Report of Rabbi Leopold Kleeberg's Passover Sermon on the 15th Amendment

Report of Rabbi Leopold Kleeberg's Passover Sermon on the 15th Amendment


The Daily Republican, Charleston, S.C. April 29, 1870
“The Jewish Passover and the Fifteenth Amendment-Historical Parallels”
The occasion of the jubilee of our newly enfranchised citizens was seized upon by an eminent Jewish Rabbi, Rev. Dr. L[eopold] Kleeberg, of Louisville, Ky., and lately made the subject of two eloquent sermons. He said that passing events were but repetitions of scenes through which the children of Israel had already passed; that history had pointed out its warning, long unheeded, and finally only enforced with a plague of blood; that Jews, of whatever political affinity, must bow down with cheerful submission to the inevitable logic of the hour, and throw no barrier in the way of the elevation of the fallen. It would be of no use for the Hebrew people to celebrate the approaching festival of the Passover by ceremony unless they were willing practically to agree to join heart and soul in the jubilee that sang hallelujahs at the great American breaking of shackles.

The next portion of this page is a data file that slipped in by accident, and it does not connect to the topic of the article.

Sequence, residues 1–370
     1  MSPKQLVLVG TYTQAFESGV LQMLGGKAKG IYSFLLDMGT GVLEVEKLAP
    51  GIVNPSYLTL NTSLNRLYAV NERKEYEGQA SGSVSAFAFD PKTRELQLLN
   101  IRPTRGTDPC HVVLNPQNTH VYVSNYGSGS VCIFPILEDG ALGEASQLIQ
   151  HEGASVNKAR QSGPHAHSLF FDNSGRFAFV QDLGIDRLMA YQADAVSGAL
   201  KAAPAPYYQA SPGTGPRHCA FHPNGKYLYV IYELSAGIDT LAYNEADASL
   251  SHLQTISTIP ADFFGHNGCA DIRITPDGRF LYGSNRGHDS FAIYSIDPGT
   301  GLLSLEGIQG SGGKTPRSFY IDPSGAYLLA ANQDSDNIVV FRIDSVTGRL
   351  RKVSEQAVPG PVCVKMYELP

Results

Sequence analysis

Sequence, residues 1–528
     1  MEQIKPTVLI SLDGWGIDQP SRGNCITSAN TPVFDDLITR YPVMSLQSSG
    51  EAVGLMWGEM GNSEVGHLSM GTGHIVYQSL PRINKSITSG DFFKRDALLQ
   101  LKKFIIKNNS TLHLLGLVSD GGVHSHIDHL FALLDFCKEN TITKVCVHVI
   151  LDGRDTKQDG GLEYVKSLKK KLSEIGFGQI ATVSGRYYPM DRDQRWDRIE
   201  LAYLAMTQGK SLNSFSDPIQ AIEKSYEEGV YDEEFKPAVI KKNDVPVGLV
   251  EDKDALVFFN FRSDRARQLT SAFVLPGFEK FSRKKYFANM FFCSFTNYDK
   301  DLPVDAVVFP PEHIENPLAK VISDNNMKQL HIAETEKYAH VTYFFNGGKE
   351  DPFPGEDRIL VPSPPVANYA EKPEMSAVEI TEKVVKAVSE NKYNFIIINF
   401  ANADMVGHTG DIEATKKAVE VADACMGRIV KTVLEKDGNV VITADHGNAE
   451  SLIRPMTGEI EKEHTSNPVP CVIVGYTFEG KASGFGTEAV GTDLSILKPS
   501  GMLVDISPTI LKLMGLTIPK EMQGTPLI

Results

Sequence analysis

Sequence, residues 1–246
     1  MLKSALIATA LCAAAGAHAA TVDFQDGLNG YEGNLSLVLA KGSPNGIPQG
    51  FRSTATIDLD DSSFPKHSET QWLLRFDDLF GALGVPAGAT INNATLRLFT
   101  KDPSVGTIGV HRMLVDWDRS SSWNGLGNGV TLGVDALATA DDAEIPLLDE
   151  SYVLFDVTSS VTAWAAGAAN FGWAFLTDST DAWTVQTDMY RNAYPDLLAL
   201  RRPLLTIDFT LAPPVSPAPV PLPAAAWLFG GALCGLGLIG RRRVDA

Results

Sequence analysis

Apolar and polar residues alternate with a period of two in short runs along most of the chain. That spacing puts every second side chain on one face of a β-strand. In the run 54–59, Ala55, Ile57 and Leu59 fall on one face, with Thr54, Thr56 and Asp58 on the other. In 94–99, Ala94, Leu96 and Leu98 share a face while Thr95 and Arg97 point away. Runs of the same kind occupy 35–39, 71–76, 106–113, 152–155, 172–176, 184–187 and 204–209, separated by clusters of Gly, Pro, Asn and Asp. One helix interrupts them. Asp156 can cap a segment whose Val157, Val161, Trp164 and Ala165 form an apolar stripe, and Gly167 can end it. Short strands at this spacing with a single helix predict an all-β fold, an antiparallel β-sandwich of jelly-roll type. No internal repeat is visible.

The eating of unleavened bread without this would be idle, the typical Paschal Lamb, the bitter herb, the saline draught, and the bricks without straw, were all only put upon the Seder table to bring to mind the Egyptian bondage and to lead the participants to dwell with humility on the wondrous deliverance of their ancestors from the burdens of their taskmasters. In our day history repeated itself, and the granting of rights, long unjustly withheld, to a large number of human beings, was an event that rose far above a political question, far beyond the schemings or counterplots of adventurers or factionists; it was a moral offering on the alter of humanity-acceptable alike to man and God. By such acknowledgements individuals and nations become elevated, purified, and the mission of man to his fellow was fulfilled.

It would be astonishing, then, if the heart of every Jew did not beat with joy and pleasure when he saw the chains fall that had fettered the limbs of his fellow man; if they did not rejoice they were untrue to their tradition and history, and unworthy of their position by the side of freemen. The eloquent remarks of the preacher attracted considerable attention, and did not escape criticism, as he had quite a number of Southerners among his audience, who are not yet quite awake to the living issue; but as his remarks were purely historical, and had special reference to the holiday, all had to acknowledge the pertinency of the discourse. It is worthy of record, too, that this was in the chief city of Kentucky.

External References

Library of Congress Guide to the 15th Amendment

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